Skip to Content

AFBAmerican Foundation®
for the Blind

Expanding possibilities for people with vision loss

Companion or Guide Dogs for Nystagmus?

Hello folks, A first time poster here. So hello...

My name is Rich, I have Congenital Nystagmus with corrected vison with glasses of 20/200 (uncorrected at 20/400)... I'm 28 years old.

After having many conversations with a young friend of mine who has Cerebral Palsy, and talking to his family, the conversation turns to the young boy saying “Sensei, you should apply for a service dog...” (I am a judo instructor)

You see, I’ve never given much thought to the idea, and no one has ever suggested it. But after seeing the most wonderful things this dog (his name is Ilia) had done for my friend and his family, the dog has truly changed this boy’s life.

What say you? Do people with Nystagmus get service dogs? I don’t at this time use a cane to get around, but I must say I am TERRIFIED of traveling alone. Crossing streets is not really fun. I am considering getting an Identification Carne.

Though I had O&M training in school, because of overprotective parents and grandparents it never progressed very far. Now I feel alone and helpless. As the same parents who told me as a child they would always be there to take me the places I needed to go, is not reality.

I am looking into adult O&M training at this time. But my main question is about service dogs.

Thanks!

There are currently 4 replies

Sort Replies Oldest to Newest


Re:Companion or Guide Dogs for Nystagmus?



Hi,
I'm a mother of a nine year old blind boy. I couldn't help to see that you said you are a judo instructor. We live in Miami, Fl and my son is interested in learning some sport. Is my son a candidate? Would you happen to know of any training camps for the blind?


Re:Companion or Guide Dogs for Nystagmus?



You really should go through O&M training and learn to use a white cane. It will be very good to help you gain confidence in crossing streets and navigating through places, as well as a prerequisite to getting a guide dog. In fact most guide dog schools I have read about, prefer for people to have already gone through O&M training prior to guide dog training. Usually the training course for learning how to work with a guide dog is about 26 days long. If you get talking books from NLS there is a really good book about guide dog schools and FAQs about guide dogs in general, by Ed and Toni Eames called A Guide To Guide Dog Schools -Second Edition.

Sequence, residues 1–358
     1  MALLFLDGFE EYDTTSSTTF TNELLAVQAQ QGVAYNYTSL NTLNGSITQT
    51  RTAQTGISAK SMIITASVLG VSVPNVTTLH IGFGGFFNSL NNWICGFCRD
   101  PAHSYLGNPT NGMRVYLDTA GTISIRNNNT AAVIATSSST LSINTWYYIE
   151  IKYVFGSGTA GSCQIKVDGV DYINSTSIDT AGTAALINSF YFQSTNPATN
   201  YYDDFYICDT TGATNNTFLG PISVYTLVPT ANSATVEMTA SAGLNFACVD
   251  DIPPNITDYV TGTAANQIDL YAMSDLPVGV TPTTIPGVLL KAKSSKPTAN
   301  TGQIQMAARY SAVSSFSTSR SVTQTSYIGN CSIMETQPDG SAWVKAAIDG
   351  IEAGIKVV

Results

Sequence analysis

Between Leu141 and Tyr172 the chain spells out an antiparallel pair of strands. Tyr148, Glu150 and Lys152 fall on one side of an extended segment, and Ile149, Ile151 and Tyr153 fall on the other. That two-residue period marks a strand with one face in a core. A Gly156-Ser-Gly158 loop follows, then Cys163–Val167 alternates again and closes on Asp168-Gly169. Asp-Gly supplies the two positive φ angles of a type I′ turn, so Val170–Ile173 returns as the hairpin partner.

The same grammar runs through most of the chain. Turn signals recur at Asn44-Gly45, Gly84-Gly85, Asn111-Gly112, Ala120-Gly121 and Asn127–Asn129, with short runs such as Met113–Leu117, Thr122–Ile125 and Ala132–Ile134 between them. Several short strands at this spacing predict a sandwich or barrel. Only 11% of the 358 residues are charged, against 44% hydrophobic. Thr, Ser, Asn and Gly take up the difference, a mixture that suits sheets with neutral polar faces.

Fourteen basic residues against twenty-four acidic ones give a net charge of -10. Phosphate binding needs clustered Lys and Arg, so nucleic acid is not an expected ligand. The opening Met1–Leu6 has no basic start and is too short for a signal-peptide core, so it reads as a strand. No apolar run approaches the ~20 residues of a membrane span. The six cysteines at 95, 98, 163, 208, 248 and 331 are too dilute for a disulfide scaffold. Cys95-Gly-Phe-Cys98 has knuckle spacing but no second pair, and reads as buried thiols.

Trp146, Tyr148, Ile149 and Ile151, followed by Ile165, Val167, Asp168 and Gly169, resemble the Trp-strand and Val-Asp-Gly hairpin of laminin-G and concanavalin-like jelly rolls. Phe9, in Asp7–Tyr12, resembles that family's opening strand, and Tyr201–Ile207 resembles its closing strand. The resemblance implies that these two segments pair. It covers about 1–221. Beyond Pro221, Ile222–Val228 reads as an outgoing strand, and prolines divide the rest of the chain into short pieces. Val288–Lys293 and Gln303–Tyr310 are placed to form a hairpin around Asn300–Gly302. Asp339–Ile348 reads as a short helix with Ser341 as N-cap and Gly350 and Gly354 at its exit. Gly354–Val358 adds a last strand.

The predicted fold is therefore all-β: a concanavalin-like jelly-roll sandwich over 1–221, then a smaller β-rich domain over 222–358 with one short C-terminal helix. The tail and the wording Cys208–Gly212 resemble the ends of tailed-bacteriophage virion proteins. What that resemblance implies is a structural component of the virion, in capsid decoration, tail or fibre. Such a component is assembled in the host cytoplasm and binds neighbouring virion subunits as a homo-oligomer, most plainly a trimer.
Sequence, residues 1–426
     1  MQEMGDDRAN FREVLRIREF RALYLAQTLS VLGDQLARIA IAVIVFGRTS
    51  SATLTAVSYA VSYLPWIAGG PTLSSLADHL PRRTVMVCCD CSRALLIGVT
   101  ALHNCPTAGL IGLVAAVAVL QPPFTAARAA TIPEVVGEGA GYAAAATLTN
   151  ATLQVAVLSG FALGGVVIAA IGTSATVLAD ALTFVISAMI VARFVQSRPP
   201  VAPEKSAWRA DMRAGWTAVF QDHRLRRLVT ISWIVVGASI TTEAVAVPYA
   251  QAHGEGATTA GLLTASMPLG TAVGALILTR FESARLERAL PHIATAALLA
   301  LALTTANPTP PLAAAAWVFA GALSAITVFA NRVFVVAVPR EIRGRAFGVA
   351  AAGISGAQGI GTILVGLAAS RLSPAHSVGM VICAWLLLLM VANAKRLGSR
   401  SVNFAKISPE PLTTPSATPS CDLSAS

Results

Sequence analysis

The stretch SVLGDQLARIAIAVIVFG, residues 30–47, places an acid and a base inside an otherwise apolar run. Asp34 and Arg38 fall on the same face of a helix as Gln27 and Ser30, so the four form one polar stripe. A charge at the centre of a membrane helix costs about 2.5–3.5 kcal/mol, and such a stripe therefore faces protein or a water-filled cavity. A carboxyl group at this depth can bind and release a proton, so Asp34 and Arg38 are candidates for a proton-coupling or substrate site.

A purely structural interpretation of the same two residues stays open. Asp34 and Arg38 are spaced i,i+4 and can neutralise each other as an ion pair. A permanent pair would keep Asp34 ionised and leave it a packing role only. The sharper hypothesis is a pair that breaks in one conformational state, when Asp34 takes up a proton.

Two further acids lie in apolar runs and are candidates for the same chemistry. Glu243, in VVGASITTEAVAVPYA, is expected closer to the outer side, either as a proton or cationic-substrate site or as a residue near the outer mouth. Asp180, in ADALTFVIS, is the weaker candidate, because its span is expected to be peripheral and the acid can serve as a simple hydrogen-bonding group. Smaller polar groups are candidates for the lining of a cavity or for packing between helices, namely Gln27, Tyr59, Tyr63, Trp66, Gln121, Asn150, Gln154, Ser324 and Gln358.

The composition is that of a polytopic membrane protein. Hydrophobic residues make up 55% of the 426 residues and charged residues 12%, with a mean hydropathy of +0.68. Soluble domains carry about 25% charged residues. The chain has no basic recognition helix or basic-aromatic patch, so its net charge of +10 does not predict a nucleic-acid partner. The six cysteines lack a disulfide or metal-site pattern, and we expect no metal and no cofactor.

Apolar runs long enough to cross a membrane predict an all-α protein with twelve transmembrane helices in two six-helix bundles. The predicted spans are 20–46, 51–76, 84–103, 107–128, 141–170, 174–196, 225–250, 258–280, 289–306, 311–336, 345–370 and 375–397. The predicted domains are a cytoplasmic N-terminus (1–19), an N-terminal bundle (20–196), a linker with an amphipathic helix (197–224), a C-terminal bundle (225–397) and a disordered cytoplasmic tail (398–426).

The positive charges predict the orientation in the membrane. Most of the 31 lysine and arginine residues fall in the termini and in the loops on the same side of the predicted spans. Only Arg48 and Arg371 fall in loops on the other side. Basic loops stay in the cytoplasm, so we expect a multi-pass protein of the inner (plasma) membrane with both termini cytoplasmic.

There is a misconception that people have to be 100% blind to be eligible for a guide dog but that is not true. I have a condition called Hypoplasia along with Nystagmus in my right eye and I am currently applying for a guide dog of my own. Hope this helps and good luck!


Re:Companion or Guide Dogs for Nystagmus?



I don't think there are any downfalls to having a dog no matter what. Unless you are irresponsible or neglectful or just too busy for them. The benefit of a guide dog (rather than just a companion dog) is that they can go anywhere with you. A guide dog would offer companionship and perhaps allow you to relax a bit when it comes to street crossing. I'm not visually impaired, nor do I have a guide dog, but I have been a dog trainer and have fostered dogs. I am currently working to get my dog Gus certified for pet therapy. Dogs are smart creatures and I would definitely check into guide dogs if I were you. Not to mention, dogs are also a great way to meet new people!


Re:Companion or Guide Dogs for Nystagmus?



I suggest you contact them for suggestions and/or contact the organizations that help find guide dogs directly.

AFB Information Center
Tel: (800) AFB-LINE (800-232-5463)
E-mail: afbinfo@afb.net


AFB Headquarters
Tel: (212) 502-7600
Fax: (212) 502-7777
E-mail: afbinfo@afb.net
11 Penn Plaza, Suite 300
New York, NY 10001


Log in to Post a Reply